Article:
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Head of the Baptist

copy after Solario Andrea

(Milan 1473-74 - 1520)

The panel, mentioned in the Borghese collection in an inventory dated 1700, is one of the countless variations of the celebrated Head of John the Baptist by Andrea Solario. This painting, made in Milan, was brought across the Alps by the Lombard artist and used as a devotional image by King Louis XII who, seriously ill, requested it from his advisor Cardinal Georges d’Amboise, with whom Solario was staying. The painting depicts the severed head of the young ascetic, presented by Salome to the cruel Herod on a silver platter. This image, besides inspiring compassion and emotion in the faithful, testifies to the iconographic fortune of this subject in mid-16th-century Milan.

Object details

16th century
oil on panel
25 x 34 cm

19th-century frame (cm 40,5 x 107,5 x 5,6)


Rome, Borghese Collection, 1700 (Inv. 1700, St. III, no. 22; Della Pergola 1955); Inv. 1790, St. X, no. 60; Inventario Fidecommissario 1833, p. 23; Italian State Purchase, 1902.

  • 1984 - Roma, Palazzo Barberini (Leonardo e il leonardismo a Roma)
Conservation and Diagnostic
  • 1903/05 - Luigi Bartolucci
  • 1953 - Gilda Diotallevi, Mauro Manca


The provenance of this panel is presently unknown. This painting, in fact, is mentioned in the Borghese collection in an inventory dated 1700, and attributed by the author of the document to Titian (Inv. 1700).

Attributed shortly afterwards to Raphael and his school – respectively in 1790 and in the Fidecommisso inventory of 1833 – the painting was first connected to the Veneto area (Venturi 1893) and later to the Lombard context (Longhi 1928) and represents, as duly stated by Paola della Pergola, (1955), one of the countless versions of a lost original by Leonardo interpreted by Andrea Solario in a drawing now in the Louvre (Della Pergola 1955). On the contrary, according to Angela Ottino Della Chiesa (1956), the Borghese painting may be a work after an unknown model by Bernardino Luini, a hypothesis that was also orally supported by Roberto Longhi (see Della Pergola 1955).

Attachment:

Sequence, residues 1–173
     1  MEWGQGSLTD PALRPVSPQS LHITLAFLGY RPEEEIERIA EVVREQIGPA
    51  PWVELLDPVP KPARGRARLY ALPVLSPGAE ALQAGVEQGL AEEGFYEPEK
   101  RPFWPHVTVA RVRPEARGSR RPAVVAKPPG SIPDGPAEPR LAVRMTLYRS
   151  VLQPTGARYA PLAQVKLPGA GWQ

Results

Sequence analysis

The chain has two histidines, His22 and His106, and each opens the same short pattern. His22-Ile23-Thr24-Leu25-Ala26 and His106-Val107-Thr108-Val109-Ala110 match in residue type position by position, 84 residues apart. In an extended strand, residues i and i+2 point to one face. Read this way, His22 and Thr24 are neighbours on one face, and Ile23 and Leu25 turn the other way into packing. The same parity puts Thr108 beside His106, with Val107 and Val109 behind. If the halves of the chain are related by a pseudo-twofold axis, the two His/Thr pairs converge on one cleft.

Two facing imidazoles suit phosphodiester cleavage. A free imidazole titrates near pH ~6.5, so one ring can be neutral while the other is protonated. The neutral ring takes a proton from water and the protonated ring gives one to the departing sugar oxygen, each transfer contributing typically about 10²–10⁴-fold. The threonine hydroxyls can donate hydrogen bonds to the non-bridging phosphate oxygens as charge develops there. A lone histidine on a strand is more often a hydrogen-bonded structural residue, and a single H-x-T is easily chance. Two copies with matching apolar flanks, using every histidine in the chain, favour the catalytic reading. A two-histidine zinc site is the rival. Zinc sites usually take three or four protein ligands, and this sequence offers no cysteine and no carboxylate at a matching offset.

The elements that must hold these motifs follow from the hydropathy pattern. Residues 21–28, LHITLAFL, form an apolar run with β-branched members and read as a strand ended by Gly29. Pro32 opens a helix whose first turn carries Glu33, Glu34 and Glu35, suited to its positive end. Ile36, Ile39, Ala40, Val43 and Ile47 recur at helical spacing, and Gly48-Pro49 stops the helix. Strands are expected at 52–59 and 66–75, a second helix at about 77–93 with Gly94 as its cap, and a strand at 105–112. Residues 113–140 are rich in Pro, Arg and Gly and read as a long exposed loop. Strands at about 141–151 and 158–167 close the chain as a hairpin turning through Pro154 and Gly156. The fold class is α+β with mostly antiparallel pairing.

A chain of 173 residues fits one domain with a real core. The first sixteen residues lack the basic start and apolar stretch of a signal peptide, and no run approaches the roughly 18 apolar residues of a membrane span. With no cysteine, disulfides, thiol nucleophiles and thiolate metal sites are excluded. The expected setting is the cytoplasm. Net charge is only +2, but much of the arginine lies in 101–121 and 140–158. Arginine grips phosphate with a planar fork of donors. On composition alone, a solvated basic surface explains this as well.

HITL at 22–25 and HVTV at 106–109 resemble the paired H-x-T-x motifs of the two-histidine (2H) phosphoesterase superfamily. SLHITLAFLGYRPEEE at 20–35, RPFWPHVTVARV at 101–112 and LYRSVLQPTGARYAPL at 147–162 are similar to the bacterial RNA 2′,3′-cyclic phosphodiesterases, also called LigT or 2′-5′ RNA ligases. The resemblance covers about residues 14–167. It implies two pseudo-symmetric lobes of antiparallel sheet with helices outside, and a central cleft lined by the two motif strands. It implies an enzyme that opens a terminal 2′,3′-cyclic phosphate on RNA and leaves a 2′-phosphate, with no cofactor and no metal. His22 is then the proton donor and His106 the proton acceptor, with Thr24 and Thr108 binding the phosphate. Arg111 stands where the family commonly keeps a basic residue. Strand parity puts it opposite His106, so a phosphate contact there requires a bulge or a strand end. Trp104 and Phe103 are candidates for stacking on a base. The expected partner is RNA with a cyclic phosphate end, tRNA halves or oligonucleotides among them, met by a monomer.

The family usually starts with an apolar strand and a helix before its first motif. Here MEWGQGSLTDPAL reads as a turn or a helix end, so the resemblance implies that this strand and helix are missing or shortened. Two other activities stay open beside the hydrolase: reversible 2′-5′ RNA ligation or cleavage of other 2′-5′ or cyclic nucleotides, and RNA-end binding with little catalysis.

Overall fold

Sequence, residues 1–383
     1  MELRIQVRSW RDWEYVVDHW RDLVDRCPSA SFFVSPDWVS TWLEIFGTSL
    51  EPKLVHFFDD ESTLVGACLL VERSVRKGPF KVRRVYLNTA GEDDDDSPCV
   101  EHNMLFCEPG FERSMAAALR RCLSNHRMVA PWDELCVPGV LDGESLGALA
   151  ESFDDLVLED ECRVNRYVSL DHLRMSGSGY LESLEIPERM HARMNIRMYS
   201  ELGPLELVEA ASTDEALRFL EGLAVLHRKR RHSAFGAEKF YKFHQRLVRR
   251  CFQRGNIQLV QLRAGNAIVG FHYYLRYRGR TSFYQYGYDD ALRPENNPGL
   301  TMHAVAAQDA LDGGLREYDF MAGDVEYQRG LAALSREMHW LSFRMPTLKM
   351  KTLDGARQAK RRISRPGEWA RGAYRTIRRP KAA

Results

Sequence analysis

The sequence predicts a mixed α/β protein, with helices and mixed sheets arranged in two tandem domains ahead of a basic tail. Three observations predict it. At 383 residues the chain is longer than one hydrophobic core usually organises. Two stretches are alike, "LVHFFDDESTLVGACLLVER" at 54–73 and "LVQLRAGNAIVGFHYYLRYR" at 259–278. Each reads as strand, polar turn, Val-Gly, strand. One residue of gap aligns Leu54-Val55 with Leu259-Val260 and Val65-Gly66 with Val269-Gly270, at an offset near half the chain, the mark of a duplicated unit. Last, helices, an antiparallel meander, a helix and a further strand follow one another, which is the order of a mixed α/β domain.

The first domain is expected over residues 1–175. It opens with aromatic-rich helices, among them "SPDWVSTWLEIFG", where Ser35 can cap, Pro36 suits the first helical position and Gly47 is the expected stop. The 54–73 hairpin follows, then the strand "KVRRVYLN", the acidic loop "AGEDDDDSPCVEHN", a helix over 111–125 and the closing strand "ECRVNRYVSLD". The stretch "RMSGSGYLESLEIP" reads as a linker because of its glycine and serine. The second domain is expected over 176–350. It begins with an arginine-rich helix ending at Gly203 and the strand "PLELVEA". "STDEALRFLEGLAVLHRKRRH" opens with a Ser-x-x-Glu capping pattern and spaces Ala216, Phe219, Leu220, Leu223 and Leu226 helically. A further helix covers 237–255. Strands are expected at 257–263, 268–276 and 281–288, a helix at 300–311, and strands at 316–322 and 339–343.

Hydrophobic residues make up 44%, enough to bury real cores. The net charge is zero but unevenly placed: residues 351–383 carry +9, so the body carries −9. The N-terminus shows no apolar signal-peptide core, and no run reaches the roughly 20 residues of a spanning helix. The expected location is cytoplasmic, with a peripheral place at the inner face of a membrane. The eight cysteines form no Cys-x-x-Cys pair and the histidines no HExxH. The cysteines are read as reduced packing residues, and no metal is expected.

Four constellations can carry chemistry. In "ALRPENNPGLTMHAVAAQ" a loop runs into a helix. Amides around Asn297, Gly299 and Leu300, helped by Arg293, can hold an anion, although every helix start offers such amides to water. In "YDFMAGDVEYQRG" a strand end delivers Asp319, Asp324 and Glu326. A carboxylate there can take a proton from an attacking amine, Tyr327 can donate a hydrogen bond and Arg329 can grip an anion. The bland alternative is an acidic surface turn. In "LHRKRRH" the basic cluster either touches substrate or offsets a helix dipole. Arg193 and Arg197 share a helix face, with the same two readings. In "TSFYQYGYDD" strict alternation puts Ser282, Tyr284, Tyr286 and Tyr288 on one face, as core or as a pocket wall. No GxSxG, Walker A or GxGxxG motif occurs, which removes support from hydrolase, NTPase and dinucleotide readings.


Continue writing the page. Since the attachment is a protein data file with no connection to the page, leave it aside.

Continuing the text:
The success of this subject, confirmed by the existence of numerous replicas, leads us to attribute this painting to an anonymous Lombard painter (on this subject, see Vezzosi 1983), who had the chance to witness the fortune of Leonardo’s prototype in 16th-century Milan.

Antonio Iommelli

  • G. Piancastelli, Catalogo dei quadri della Galleria Borghese, in Archivio Galleria Borghese, 1891, p. 302;
  • A. Venturi, Il Museo e la Galleria Borghese, Roma 1893, p. 159;
  • R. Longhi, Precisioni nelle Gallerie Italiane, I, La R. Galleria Borghese, Roma 1928, p. 207;
  • P. della Pergola, La Galleria Borghese. I Dipinti, I, Roma 1955, pp. 84-85, n. 151;
  • A. Ottino Della Chiesa, Bernardino Luini, Novara 1956, p. 134;
  • P. Della Pergola, Gli Inventari Aldobrandini: l’Inventario del 1682 (III), in “Arte Antica e Moderna”, XXII, 1963, pp. 175-191, p. 177;
  • D. A. Browm, Andrea Solario, Milano 1987, p. 161;
  • A. Vezzosi, Presenze di Leonardo e del leonardismo a Roma, in Leonardo e il leonardismo a Napoli e a Roma, catalogo della mostra (Napoli 1983, Roma 1983), a cura di A. Vezzosi, Firenze 1983, p. 213, n. 475;
  • K. Herrmann Fiore, Galleria Borghese Roma scopre un tesoro. Dalla pinacoteca ai depositi un museo che non ha più segreti, San Giuliano Milanese 2006, p. 104.